INCREASE TICKET PRICES
It bothers me enormously that no longer can a family of four see a game.
What’s happened is the [player] salaries are so high, we have to keep raising
ticket prices. I don’t want to raise my prices again.
—Abe Pollin, former owner of the Washington Wizards and Capitals
If even an owner says it, shouldn’t it be true? No wonder fans bemoan what they think are the facts. First, fans bemoan that tickets are too expensive. The Fan Cost Index is a sort of CPI for live attendance at North American pro sports games published by Team Marketing Reports (www. teammarketing.com). Their “sports market basket” for two adults and two children includes tickets, refreshments, parking, and souvenirs. While not all fans incur all of these expenses every time they attend, the index is useful for comparison between teams and over time. We choose the NFL because it is the most expensive (the most recent Fan Cost Index data are for 2011). The New York Jets topped NFL average ticket prices for 2011 at $120.85, and the New England Patriots topped premium ticket prices at $566.67. Adding in the rest of the basket, the price of the 2011 sports market basket for the NFL ranges from Jacksonville at the bottom, $316.50, to the Jets at the top, $628.90 (the average was about $427). Taking the average family to some pro games looks more like a trip to Disneyland than the trip to the stadium their parents might remember as kids.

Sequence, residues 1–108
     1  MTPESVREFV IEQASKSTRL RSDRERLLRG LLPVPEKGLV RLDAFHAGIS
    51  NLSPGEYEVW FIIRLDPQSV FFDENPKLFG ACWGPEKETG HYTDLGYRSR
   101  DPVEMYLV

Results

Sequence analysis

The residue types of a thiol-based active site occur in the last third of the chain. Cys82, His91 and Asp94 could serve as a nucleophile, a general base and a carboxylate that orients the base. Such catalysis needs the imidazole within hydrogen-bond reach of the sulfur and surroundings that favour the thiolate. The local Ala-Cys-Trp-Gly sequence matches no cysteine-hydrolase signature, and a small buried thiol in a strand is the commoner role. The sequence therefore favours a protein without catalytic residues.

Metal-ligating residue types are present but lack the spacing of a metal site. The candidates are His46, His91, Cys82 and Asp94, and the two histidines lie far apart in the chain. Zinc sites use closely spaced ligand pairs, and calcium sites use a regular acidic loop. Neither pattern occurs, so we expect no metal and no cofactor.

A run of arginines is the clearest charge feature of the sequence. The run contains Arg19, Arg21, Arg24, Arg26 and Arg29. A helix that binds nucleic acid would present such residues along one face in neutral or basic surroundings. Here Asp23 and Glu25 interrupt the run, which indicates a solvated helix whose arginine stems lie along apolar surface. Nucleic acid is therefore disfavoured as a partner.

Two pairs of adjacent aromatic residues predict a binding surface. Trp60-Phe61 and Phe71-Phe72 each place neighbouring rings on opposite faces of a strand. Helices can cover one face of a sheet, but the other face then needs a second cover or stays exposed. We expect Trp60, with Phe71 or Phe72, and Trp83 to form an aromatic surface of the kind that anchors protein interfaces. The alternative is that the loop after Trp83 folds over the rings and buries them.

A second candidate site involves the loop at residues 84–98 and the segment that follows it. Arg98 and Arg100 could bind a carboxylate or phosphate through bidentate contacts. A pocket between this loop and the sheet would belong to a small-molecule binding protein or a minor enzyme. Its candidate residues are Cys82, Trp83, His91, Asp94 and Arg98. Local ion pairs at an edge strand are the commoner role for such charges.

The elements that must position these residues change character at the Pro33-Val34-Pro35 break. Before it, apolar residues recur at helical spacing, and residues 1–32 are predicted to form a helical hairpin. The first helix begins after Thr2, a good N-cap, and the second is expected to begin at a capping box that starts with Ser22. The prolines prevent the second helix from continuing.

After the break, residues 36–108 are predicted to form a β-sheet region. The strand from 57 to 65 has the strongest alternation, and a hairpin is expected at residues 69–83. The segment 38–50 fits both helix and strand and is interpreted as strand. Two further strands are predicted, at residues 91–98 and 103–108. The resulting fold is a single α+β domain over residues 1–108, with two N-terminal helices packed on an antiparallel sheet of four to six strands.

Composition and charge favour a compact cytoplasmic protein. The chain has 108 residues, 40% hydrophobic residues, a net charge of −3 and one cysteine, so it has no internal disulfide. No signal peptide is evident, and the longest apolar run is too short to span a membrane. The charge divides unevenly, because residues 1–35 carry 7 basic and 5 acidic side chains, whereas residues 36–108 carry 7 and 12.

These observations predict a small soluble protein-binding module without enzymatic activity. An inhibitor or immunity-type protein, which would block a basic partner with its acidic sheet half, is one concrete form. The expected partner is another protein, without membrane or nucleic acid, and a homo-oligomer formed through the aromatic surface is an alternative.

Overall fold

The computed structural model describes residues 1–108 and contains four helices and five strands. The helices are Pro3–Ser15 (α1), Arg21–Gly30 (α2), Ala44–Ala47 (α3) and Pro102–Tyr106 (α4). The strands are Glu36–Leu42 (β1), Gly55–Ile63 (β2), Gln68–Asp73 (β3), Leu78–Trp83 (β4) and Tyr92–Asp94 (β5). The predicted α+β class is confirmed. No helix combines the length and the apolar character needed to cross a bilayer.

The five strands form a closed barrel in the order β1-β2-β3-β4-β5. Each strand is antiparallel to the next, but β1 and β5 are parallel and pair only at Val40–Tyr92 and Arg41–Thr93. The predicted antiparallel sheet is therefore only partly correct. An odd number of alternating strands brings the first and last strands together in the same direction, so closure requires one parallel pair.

Second, what do fans observe at the same time? Players continue to enjoy huge salaries and salary increases over time. (As long—time observers of the player pay scene, we agree that this is true.) With the help of statements by team owners (see the epigraph), and laments by sportswriters/broadcasters